The recent volume of the Journal of Archaeological Method and Theory 19 (2012) addressed the complex issue of integrating Geographic Information Systems and methods grounded in embodied experiences or phenomenological approaches to archaeological space. In the literature, these two approaches to archaeological space and landscapes have been at odds with each other. Recently, however, a group of scholars have begun to consider a tentative rapprochement between the two techniques of producing knowledge of archaeological space.
While the articles in this volume propose a wide range of potential compromises between these two approaches to archaeological space, generally they acknowledge epistemological barriers between the two methods of generating archaeological knowledge. GIS methods tend to ascribe to a kind of abstract determinism that runs counter to forms of archaeological knowledge generated from the human senses. Several scholars, however, proposed ways to reconcile these two approaches by understanding that GIS based analyses provide a point of departure and comparison for more experiential approaches.
The issue for experiential and embodied archaeological practices is how far or even whether they can divorce from our cartographic view of the world. Our society (and that includes the part of the world outside of archaeological knowledge) demands that we conceptualize the world through two dimension maps, although not exclusively. Daily weather reports, roads and routes, and even archaeological publications rely in part on a cartographic sensibility that is deeply embedded in our modern world view. Experiential archaeology can almost certainly challenge this perspective, but it remains unclear whether these practices and forms of documentation can ever put the modern genie back in the bottle. A discipline that developed alongside a “god’s eye view” of the world does not easily forget this perspective.
That being said, the emergence of arguments for the landscape and archaeological space as embodied, lived, and experienced have problematized the sterile character of maps and the modern assumptions that emerge from them. As several articles in this collection suggest, even the most sophisticated maps of viewshed or resource distribution can fall short of capturing in a consistent way the actual experience of humans in the landscape. Rennel’s treatment of Iron Age sites in the Hebrides, for example, demonstrated how viewshed maps could not properly capture the experience of sites built on islands in freshwater lochs. According to Rennel, the banks of the lochs provided a sense of security by hiding part of the local landscape from view in ways that that viewshed analysis overlooked. McEwan tested a complex probability model against a known ancient landscape and found it similarly lacking and identified subtle features in the landscape that shaped ancient activities, but were overlooked in probability models. The issues identified by Rennel and McEwan generally centered on notions of scale. GIS and other tools allow researchers to generalize experience across the landscape, but as a result struggle to adapt to highly localized or small scale variations.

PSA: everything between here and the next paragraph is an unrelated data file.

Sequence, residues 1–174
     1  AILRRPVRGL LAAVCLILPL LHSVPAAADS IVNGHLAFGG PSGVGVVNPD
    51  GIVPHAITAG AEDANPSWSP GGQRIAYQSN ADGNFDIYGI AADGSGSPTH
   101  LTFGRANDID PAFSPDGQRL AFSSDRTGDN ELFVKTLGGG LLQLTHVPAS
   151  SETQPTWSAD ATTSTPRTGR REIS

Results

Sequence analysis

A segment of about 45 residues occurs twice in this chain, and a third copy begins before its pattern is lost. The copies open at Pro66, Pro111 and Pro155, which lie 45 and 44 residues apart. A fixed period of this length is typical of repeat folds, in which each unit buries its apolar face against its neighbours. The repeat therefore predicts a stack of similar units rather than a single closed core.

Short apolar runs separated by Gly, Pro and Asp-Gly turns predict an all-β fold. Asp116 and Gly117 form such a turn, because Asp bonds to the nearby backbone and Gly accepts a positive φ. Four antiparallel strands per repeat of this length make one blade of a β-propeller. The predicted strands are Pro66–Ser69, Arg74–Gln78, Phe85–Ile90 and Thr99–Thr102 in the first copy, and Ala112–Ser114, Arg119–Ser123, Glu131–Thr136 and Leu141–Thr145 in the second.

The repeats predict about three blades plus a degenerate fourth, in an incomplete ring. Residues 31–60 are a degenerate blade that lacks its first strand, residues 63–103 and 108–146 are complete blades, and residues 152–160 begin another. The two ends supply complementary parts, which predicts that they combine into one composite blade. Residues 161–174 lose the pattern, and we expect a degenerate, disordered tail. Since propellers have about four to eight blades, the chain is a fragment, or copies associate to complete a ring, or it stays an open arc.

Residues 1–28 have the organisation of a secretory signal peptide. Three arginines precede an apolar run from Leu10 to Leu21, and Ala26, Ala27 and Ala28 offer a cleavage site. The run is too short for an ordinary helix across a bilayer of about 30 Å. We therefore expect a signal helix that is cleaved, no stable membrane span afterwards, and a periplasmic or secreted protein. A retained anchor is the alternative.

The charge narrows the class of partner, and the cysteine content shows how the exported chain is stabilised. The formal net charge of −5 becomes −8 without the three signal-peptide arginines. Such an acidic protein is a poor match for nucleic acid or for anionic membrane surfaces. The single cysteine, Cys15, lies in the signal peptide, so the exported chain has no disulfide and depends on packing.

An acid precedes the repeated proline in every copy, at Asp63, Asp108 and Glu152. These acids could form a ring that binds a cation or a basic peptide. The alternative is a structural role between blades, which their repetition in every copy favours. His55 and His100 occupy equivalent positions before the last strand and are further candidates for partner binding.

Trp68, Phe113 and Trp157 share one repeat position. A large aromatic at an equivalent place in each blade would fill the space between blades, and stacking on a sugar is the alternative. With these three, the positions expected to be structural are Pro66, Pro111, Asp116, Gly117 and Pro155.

At times, however, generalized models provide the only access that scholars have to past landscapes. As Millican used aerial photography to document sites preserved as little more than cropmarks. The absence of standing features or even the remains of the ancient topography makes it difficult to argue for an embodied experience in this landscape. Aerial photographs, plans, geological prospecting, and maps brought together in GIS to form the basis for understanding a now vanished landscape. The reconstructed landscape in conjunction with time in the field and on site provides a hybridized opportunity to experience an ancient place. On a larger scale projects such as this which seek to reconstruct ancient places are necessary to contextualize even better preserved ancient landscapes and to understand them in their past human environments. Pillatt’s article on early modern weather likewise introduced the tension between our generalized knowledge of English climate and the experience of weather. Pillatt used diaries checked against climate data to show how both long term and short term changes in the weather disrupted the daily work of early modern farmers on marginal lands. If generalized climate trends provided the basis for the understanding the margins of risk of crop failure endured by farmers in any particular year, the daily, diary records of weather show how changes in weather on a highly local and individual scale make actualize those risks. Far from a strict cartographic reading of the landscape, many of these articles articulated clearly how our generalized view of the world already informs our understanding and expectations of experience (modern or ancient).
As GIS applications make their way from cartographic tools to those informing actual human experiences in the landscape the tension between our generalized expectations and our actual experiences will become more problematic. As S. Eve points out augmented and virtual reality takes the cartographic sensibilities of GIS and allows scholars to make it increasingly visible in the landscape that it purports to describe.